4.3.

Relationships between Brain Activation and Networks Topological Properties

Finally, we generated the correlations between the activation and the networks topological properties, in which multiple correlations were identified. For example, in the flanker, n-back, and switch tasks, the activation was mainly modulated by the intrinsic network properties. These findings are in line with the previous reports that the brain FC during task is modulated primarily by the intrinsic resting-state network architectures,25 and the resting-state networks can predict the brain activation and behavioral performance associated with working memory.76 In addition, the activation during the go/no-go task was not only shaped by the intrinsic network but also regulated by the task-evoked and HbR-based networks.

In addition, in the flanker task, the overall routing efficiency of networks was associated with increased HbO activation in bilateral DLPFC and left FEF. In addition, the association capability in left MC also enhanced the HbO activation. In the n-back task, the association capability of right FEF showed the positive relationship with the HbO activation; the importance of the right MC showed the positive correlation with the HbR activation, whereas the importance of the left MC exhibited the negative correlation with HbR activation. In the switch task, the local efficiency was associated with decreased HbR activation in the left FPA, whereas the global efficiency was associated with increased HbR activation. In addition, for the task-evoked networks during go/no-go task, the association capability and nodal efficiency in left FEF showed positive correlation with the HbO activation, whereas the local efficiency decreased the HbR activation in left MC. In addition, for the intrinsic network during go/no-go task, the local efficiency enhanced the HbR activation in right FEF, whereas the small-worldness increased the HbR activation in right FEF and DLPFC.

5.

Conclusions

A systematical investigation of brain activation and FC patterns during different EF tasks was performed. Our findings demonstrate that the fNIRS is a sufficient technique to characterize the topological organization of brain networks and its link with the activation. In particular, linking the neural activation to the topological organization in frontal lobe can serve as synergistic index to examine the difference between various EF tasks, which paves a new way toward a comprehensive understanding of neural basis underlying the EFs.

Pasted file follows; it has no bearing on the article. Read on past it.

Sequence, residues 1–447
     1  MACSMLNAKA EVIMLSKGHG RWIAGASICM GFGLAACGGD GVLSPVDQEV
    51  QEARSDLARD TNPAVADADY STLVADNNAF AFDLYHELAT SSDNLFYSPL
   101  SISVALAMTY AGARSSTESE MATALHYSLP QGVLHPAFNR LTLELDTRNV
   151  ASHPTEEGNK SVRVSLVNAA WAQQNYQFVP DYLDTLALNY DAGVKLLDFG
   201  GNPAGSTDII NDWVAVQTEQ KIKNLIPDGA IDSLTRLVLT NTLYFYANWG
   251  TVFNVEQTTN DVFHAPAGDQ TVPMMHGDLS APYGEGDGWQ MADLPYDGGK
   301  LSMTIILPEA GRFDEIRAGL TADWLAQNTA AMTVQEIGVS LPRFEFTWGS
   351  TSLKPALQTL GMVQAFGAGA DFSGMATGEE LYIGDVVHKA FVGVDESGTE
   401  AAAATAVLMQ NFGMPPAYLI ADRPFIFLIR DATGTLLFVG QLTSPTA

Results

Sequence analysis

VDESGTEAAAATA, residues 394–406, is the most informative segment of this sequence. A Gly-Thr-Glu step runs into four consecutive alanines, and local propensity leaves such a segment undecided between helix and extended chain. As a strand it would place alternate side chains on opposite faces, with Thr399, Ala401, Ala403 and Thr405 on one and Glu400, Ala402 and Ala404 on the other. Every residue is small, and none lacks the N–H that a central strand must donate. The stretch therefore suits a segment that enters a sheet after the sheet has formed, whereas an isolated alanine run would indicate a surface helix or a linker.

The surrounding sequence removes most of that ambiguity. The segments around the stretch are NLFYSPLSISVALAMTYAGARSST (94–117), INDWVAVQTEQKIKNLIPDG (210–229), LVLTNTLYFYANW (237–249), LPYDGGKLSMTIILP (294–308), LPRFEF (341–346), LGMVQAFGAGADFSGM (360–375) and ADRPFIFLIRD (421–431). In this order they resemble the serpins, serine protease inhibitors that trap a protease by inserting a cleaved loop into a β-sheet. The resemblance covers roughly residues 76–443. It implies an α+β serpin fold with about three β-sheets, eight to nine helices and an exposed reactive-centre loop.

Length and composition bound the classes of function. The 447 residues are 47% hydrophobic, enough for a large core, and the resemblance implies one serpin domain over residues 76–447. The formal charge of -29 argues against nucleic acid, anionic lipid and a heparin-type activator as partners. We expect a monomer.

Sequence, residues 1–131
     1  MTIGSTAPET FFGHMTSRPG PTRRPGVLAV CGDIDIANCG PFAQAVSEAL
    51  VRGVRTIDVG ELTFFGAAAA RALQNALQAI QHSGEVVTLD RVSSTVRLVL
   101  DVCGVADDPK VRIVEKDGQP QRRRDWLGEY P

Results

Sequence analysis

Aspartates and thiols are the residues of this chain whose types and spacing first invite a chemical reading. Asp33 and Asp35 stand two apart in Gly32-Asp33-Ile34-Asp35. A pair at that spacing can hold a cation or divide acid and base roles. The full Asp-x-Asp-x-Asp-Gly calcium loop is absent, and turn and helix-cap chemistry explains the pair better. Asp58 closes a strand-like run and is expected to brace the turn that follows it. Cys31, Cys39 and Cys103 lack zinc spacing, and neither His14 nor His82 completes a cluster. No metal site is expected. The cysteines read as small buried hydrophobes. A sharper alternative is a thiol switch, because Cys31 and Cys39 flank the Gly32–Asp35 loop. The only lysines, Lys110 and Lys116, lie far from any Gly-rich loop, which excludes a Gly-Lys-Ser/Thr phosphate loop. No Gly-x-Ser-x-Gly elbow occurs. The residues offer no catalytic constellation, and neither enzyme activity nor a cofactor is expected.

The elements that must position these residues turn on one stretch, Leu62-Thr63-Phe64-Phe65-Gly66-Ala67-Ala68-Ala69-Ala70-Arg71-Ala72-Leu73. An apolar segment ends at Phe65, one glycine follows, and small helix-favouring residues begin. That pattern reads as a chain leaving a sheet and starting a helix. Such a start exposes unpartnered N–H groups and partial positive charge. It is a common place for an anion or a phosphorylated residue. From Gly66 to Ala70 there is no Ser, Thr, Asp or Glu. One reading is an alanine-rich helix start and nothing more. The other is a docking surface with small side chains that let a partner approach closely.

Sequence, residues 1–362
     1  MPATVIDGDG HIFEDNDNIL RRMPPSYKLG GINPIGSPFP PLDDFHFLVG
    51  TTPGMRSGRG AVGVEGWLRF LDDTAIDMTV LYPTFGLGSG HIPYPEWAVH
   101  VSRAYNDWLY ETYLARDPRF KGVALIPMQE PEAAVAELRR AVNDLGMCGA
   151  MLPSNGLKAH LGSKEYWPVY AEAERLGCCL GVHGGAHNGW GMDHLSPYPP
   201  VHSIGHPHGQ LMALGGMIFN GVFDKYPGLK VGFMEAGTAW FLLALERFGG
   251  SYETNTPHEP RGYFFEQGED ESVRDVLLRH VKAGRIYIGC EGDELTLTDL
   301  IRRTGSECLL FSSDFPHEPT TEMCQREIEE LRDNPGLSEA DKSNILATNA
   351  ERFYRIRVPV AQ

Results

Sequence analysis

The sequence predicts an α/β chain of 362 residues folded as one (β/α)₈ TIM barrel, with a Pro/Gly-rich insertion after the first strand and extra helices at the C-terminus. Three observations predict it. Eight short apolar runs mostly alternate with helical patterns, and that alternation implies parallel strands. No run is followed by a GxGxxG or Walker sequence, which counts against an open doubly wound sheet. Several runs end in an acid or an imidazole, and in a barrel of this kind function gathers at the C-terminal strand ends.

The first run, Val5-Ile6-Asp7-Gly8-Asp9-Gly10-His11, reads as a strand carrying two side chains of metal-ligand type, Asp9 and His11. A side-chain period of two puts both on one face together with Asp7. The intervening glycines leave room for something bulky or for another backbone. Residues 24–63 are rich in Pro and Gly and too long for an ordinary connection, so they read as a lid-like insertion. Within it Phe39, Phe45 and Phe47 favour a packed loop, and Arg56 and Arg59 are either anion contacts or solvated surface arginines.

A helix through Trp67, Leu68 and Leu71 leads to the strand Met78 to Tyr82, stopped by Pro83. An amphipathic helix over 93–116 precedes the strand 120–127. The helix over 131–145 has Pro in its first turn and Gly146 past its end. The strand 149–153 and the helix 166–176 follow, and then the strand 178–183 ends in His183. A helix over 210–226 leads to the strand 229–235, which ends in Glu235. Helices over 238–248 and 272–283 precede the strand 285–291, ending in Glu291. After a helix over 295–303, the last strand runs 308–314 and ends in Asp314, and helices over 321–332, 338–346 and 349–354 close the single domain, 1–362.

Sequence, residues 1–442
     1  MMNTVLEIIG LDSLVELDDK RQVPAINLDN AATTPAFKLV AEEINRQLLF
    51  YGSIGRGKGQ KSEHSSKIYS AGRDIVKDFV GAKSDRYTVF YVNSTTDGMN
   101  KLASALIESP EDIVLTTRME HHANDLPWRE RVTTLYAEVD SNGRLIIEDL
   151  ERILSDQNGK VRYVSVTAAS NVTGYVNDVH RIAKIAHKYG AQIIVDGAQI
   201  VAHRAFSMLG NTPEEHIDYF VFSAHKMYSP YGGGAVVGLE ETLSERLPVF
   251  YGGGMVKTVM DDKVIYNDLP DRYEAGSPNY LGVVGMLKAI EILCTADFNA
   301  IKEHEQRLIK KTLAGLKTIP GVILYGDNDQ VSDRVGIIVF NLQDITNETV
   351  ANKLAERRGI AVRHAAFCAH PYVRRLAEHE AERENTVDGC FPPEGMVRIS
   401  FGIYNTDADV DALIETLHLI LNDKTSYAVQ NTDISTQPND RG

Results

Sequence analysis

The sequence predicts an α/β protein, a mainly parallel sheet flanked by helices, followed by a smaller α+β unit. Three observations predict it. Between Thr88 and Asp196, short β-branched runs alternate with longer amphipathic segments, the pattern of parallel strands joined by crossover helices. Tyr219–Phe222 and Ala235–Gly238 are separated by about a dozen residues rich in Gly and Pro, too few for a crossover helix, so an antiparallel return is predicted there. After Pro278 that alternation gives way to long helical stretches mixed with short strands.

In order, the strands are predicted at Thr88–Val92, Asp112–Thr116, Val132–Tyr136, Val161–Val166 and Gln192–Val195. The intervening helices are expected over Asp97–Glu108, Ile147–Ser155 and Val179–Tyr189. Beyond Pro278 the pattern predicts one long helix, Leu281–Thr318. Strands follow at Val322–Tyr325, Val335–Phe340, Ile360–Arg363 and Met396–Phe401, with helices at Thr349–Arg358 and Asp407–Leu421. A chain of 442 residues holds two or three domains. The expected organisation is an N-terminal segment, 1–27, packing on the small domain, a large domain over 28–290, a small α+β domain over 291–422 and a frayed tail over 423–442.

Disclosures

No conflicts of interest, financial or otherwise, are declared by the authors.

Acknowledgments

This work was supported by MYRG 2016-00110-FHS and MYRG 2018-00081-FHS from the Research Services and Knowledge Transfer Office with the University of Macau in Macau, and FDCT 0011/2018/A1 and FDCT 025/2015/A1 from the Science and Technology Development Fund with the Macao government. Z.Y. and Z.H. designed the research and wrote the paper; Z.H. performed the research and analyzed the data; J.Z., L.Z., and Y.X. joined the discussion, provided professional opinions, and proofread the manuscript.

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Biography

Zhishan Hu is a PhD candidate in neuroscience at the University of Macau, China. He uses functional near-infrared spectroscopy to investigate the neural basis underlying multiple cognitive processes.

Juan Zhang is an assistant professor at the University of Macau. She uses behavioral and neuroscience methodologies to investigate the brain mechanism underlying children’s language and cognitive processes.

Lingyan Zhang is a radiologist at the Third Affiliated Hospital of China Southern Medical University. She is an expert in diagnosing and treating injuries and diseases using multimodal imaging techniques.

Yu-Tao Xiang is a full professor at the University of Macau. His research focuses on mood disorders, psychosis, psychopharmacology, and meta-analysis. He has received over 10 international research awards for his work.

Zhen Yuan is an associate professor at the University of Macau. His research focuses on neurosciences, neuroimaging, biomedical optics, and optical molecular imaging.

© The Authors. Published by SPIE under a Creative Commons Attribution 4.0 Unported License. Distribution or reproduction of this work in whole or in part requires full attribution of the original publication, including its DOI.
Zhishan Hu, Juan Zhang, Lingyan Zhang, Yu-Tao Xiang, and Zhen Yuan "Linking brain activation to topological organization in the frontal lobe as a synergistic indicator to characterize the difference between various cognitive processes of executive functions," Neurophotonics 6(2), 025008 (15 May 2019). https://doi.org/10.1117/1.NPh.6.2.025008
Received: 30 October 2018; Accepted: 28 March 2019; Published: 15 May 2019